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View Full Version : Wide Grain vs Tight Grain Sound Board? Engelmann Spruce



sam13
09-05-2014, 03:44 AM
Hello All,

I am looking at buying another Pono Pro Classic Tenor. Just love the product at its price point.

I have a choice with respect to a few options and one has extremely wide grain and the other tight grain.

I understand the dark lines are the winter growth and the wider section is the summer growth ...

I am curious as to what a wider grain effect will be on tone. I am looking to buy it from a retailer at a distance so I won't have a chance to sit with them and play them thoroughly before buying.

The Tenor with the wider grain has a cutaway, and I might fancy a cutaway since my other Tenor isn't. The tighter grain Tenor has a beautiful back and side and is a little cheaper due as it is a second.

Does anyone have any theory, experience or hard facts to help me with my decision?

Thanks for your thoughts.

Skinny Money McGee
09-05-2014, 04:31 AM
Would be a good question to ask in the Luthier's Lounge

Dan Uke
09-05-2014, 06:19 AM
I've asked about other spruce (Adi & German) and the maker said it's the stiffness that matters.

ukantor
09-05-2014, 06:32 AM
"It's the stiffness that matters."

So they tell me.

JC.

sam13
09-05-2014, 07:15 AM
I've asked about other spruce (Adi & German) and the maker said it's the stiffness that matters.

Hey nongdam,

So you are suggesting a tighter grain produces a stiffer wood and thereby a different tone? More sustain?

DownUpDave
09-05-2014, 08:19 AM
I've asked about other spruce (Adi & German) and the maker said it's the stiffness that matters.

That is what I was told. Tight grain pattern does not necassarily mean stiffer and wide grain does not mean less quality sound.

Is that what you meant nongdam

Dan Uke
09-05-2014, 08:33 AM
That is what I was told. Tight grain pattern does not necassarily mean stiffer and wide grain does not mean less quality sound.

Is that what you meant nongdam

that's what they said

hawaii 50
09-05-2014, 08:45 AM
that's what they said

Hey Daniel..who is they? haha:)

I know tight straight grained Englemann is what builders want...(because in general stiffer,nicer etc..) but I think the builder the most important....since the Pono's are production model even though built by one person...best to play before you buy....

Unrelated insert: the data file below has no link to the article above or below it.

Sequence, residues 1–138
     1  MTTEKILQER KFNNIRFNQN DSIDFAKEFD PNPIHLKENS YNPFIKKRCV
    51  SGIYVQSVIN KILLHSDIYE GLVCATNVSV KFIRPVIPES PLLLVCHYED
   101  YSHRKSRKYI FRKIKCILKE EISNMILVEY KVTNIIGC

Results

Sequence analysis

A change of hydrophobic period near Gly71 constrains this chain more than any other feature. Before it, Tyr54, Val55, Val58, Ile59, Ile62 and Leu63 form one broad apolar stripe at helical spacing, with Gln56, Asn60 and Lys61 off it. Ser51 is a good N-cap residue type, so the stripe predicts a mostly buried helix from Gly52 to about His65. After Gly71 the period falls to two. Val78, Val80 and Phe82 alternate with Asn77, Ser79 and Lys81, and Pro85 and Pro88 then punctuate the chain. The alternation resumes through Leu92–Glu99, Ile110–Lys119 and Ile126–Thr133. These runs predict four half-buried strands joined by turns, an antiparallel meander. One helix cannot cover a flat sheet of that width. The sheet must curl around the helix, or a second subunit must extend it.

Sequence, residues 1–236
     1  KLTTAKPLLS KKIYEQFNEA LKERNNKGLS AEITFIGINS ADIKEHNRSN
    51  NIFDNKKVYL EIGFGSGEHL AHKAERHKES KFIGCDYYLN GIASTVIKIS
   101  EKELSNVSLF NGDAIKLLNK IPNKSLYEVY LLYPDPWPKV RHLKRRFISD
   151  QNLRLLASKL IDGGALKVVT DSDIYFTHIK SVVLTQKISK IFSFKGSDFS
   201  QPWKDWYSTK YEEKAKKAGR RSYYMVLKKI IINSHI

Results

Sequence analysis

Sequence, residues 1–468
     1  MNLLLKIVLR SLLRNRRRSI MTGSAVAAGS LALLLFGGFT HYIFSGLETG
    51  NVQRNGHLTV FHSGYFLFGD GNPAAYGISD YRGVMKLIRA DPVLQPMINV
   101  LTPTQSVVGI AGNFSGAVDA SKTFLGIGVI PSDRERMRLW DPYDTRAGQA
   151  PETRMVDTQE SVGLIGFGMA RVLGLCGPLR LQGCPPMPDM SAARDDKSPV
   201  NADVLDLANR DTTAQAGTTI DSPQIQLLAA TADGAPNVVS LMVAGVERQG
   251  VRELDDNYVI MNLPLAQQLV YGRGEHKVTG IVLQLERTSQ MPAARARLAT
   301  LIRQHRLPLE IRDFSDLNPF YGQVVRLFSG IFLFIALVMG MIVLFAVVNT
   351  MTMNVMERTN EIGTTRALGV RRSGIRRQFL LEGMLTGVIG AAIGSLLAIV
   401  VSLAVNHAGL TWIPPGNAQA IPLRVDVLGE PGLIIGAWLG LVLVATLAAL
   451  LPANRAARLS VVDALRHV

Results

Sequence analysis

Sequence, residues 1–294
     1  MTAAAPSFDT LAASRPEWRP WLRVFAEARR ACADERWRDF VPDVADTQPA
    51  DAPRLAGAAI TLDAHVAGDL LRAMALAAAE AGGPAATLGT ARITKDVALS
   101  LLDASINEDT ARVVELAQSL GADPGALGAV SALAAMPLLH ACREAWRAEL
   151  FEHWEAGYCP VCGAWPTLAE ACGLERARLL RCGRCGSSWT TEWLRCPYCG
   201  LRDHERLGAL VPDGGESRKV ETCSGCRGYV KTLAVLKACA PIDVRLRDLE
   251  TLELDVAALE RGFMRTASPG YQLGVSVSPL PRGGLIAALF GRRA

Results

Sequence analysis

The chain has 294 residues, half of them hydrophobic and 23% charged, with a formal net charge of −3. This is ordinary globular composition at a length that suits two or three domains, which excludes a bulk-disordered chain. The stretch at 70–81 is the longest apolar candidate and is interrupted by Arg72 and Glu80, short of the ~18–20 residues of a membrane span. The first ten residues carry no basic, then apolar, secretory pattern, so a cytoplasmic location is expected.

I would ask Andrew or Corey to pick one out for you...the new Pono's all have binding on the fretboards just for you Daniel....:)

Dan Uke
09-05-2014, 08:50 AM
Hey Daniel..who is they? haha:)

I know tight straight grained Englemann is what builders want...(because in general stiffer,nicer etc..) but I think the builder the most important....since the Pono's are production model even though built by one person...best to play before you buy....

I would ask Andrew or Corey to pick one out for you...the new Pono's all have binding on the fretboards just for you Daniel....:)

haha. Did you hear that new Toda Uke that Andrew just got? That's some nice tight grain.

hawaii 50
09-05-2014, 08:53 AM
haha. Did you hear that new Toda Uke that Andrew just got? That's some nice tight grain.

I missed the recording...but will try to see it before it is gone...if not already....:)

yeah the Spruce top is nice...

this one right...

http://vimeo.com/105318632

Dan Uke
09-05-2014, 08:59 AM
Wow...sold quick...Andrew told me about it yesterday.

sam13
09-05-2014, 10:13 AM
I just heard a clip of both ... now, I am even more confused. The wide grained one is wide at the side and comes in nice and tight at the sound hole.

Rick Turner
09-05-2014, 10:17 AM
Everyone should stop listening with their eyeballs and erase all the wide grain/tight grain myths from their memory banks. I've seen perfectly straight and incredibly tight grained spruce that had the tap tone of wet shirt cardboard. And then if you brace floppier wood properly with more cross grain bracing, you can make it work pretty well. That's an old Spanish guitar making trick...controlling cross grain stiffness with wider splayed fan braces.

gyosh
09-05-2014, 10:34 AM
Everyone should stop listening with their eyeballs and erase all the wide grain/tight grain myths from their memory banks. I've seen perfectly straight and incredibly tight grained spruce that had the tap tone of wet shirt cardboard. And then if you brace floppier wood properly with more cross grain bracing, you can make it work pretty well. That's an old Spanish guitar making trick...controlling cross grain stiffness with wider splayed fan braces.

Spray it black.

Worked for me :)

Camsuke
09-05-2014, 04:18 PM
This video may be of interest, grain thickness is talked about at 4:25.


http://youtu.be/2hcI8LpD5V0